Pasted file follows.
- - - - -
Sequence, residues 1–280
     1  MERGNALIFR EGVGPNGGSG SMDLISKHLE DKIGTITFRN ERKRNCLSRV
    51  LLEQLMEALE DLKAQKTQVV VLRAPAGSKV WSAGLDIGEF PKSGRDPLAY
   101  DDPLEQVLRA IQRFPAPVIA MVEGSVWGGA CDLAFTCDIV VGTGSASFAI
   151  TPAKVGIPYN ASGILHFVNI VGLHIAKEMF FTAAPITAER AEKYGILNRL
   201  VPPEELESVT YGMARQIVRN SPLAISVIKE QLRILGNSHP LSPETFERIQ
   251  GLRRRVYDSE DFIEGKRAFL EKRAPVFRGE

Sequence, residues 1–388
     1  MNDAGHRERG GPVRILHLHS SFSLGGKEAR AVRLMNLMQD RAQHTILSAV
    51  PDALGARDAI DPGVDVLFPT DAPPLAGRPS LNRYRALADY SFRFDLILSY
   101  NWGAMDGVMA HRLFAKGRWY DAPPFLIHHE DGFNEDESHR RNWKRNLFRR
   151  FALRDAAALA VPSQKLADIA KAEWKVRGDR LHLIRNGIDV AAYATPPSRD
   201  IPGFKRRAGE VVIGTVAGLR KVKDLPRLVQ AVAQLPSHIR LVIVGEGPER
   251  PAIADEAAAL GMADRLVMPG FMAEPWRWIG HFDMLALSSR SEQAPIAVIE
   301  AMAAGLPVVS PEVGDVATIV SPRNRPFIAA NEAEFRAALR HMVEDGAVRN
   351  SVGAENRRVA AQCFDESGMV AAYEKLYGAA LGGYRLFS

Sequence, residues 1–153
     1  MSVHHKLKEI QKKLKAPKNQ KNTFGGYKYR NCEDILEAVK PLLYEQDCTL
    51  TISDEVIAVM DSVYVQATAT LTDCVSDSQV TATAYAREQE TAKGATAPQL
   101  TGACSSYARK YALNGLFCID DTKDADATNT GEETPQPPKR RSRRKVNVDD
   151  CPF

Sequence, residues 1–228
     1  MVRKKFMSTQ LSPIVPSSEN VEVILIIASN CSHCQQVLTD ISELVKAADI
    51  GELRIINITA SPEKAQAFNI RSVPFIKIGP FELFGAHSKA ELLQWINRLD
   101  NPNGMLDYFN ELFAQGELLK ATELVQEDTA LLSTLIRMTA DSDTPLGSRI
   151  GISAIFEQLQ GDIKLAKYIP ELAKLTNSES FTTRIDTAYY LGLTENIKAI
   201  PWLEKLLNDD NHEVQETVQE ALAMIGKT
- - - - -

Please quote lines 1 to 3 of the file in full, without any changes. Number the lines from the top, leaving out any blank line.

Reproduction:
Sequence, residues 1–280
     1  MERGNALIFR EGVGPNGGSG SMDLISKHLE DKIGTITFRN ERKRNCLSRV
    51  LLEQLMEALE DLKAQKTQVV VLRAPAGSKV WSAGLDIGEF PKSGRDPLAY